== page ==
The ruling comes after UC, which enrolled more than 226,000 undergraduates this fall, voted in May to phase out the entrance exams over the next five years.
Many institutions abandoned SAT and ACT requirements for fall 2021 because of the coronavirus, but the court’s decision likely signals a more permanent rejection of the tests.
Advocates for people with disabilities and low-income and minority students sued UC last year, contending the SAT and ACT were biased measures of academic prowess. Their arguments echoed common criticism of the tests: that wealthy applicants can afford extensive tutoring, giving them an edge in admissions, and that the exams are designed in a way that disadvantages certain students.
A California judge, citing the pandemic’s circumstances, found in August that the lawsuit would likely prevail in court. The judge granted a preliminary injunction barring UC’s use of admissions tests.
The system appealed the injunction, but the three-member appeals panel this week upheld it, blocking UC from considering test scores for the next academic year. The judges wrote that the system had not proved it would be hurt by forgoing the tests.
UC spokesperson Claire Doan wrote in an email that the system “respectfully” disagrees with the decision and is reviewing its options.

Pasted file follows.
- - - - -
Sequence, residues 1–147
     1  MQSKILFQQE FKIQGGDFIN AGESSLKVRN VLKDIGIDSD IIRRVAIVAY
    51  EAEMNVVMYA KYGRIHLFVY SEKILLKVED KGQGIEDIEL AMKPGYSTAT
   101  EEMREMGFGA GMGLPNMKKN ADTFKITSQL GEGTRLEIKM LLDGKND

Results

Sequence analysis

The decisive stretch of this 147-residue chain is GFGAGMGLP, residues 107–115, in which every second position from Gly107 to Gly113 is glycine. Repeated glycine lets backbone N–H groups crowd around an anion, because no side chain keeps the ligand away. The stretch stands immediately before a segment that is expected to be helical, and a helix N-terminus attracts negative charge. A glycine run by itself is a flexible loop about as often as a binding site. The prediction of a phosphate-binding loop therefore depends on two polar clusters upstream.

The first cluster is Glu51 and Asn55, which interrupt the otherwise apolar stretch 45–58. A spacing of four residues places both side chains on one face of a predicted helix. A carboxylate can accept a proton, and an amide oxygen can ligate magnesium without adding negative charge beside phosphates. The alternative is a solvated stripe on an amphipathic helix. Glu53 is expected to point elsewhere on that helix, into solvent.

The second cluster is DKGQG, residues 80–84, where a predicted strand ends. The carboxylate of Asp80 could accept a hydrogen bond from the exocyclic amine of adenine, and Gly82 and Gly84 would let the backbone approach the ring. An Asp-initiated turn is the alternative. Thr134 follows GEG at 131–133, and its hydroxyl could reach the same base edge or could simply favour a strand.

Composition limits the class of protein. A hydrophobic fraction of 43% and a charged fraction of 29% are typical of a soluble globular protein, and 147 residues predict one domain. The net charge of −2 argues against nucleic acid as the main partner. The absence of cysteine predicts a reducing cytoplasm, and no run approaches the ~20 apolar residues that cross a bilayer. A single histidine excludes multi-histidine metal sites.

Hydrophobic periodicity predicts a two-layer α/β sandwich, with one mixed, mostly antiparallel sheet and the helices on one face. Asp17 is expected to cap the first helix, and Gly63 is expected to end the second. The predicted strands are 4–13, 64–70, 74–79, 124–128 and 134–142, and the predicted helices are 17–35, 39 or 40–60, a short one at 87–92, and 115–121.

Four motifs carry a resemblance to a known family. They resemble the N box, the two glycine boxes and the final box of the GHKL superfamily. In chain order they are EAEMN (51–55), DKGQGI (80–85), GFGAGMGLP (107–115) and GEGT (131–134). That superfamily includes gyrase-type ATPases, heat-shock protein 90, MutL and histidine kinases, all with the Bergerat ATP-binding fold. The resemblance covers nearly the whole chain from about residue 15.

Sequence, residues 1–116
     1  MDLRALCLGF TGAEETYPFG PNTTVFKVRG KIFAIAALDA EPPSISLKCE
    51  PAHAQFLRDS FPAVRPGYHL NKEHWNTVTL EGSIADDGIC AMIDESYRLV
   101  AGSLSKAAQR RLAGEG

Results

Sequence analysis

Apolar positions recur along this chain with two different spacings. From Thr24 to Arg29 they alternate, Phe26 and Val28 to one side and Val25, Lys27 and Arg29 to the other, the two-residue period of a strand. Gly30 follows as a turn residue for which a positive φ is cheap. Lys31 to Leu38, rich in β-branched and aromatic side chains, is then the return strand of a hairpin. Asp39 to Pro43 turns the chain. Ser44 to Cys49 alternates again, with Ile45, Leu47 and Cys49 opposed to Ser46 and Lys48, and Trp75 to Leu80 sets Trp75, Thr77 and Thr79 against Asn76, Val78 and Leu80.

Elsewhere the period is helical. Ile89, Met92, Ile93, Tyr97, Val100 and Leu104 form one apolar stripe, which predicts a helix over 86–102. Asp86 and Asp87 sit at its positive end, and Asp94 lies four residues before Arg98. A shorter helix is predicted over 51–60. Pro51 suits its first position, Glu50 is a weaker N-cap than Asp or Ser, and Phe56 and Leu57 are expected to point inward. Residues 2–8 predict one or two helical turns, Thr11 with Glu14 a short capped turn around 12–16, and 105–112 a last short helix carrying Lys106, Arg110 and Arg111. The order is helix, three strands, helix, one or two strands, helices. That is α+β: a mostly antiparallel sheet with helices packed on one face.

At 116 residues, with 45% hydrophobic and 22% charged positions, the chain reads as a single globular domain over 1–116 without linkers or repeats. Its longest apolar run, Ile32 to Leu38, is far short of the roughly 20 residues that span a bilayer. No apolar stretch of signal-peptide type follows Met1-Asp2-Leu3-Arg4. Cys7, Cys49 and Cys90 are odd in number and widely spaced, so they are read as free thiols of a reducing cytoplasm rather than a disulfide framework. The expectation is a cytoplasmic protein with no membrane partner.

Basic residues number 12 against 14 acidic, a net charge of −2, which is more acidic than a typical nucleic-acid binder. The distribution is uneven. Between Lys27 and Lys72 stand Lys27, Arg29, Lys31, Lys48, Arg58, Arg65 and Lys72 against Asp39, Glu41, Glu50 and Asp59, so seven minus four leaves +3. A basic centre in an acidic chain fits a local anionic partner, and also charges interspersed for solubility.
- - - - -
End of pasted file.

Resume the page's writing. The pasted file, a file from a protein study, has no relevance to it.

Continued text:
The system’s governing board had already moved to eliminate use of the SAT and ACT entirely by 2025. But for the first two years under the plan, campuses could decide whether to review the tests, meaning applicants could still submit scores. Only three of UC’s nine undergraduate campuses planned to be test-optional for fall 2021, but the appeals court ruling forces them to be test-blind.
The implications of the court decision are significant, according to Bob Schaeffer, interim executive director at FairTest, which advocates for more equitable standardized exam policies. Schaeffer wrote in an email that UC and the California State University System are test-blind for next fall, the latter by choice, which validates the admissions model for other colleges.
More than 1,570 colleges aren’t mandating test scores for the 2021 admissions cycle, according to FairTest’s count, though experts have said institutions that go test-optional don’t often revive their previous admissions policies. This shift is cutting into test-makers’ revenue.
ACT did not respond to Education Dive‘s emailed request for comment Friday. But College Board spokesperson Jerome White noted in an email that a UC academic task force did not recommend the system get rid of the tests. White wrote the SAT has been in “strong demand” nationwide.
“We continue to urge test-related flexibility in college admissions for this cycle, and we continue to stand by the value of the SAT in providing opportunity for all students,” White wrote.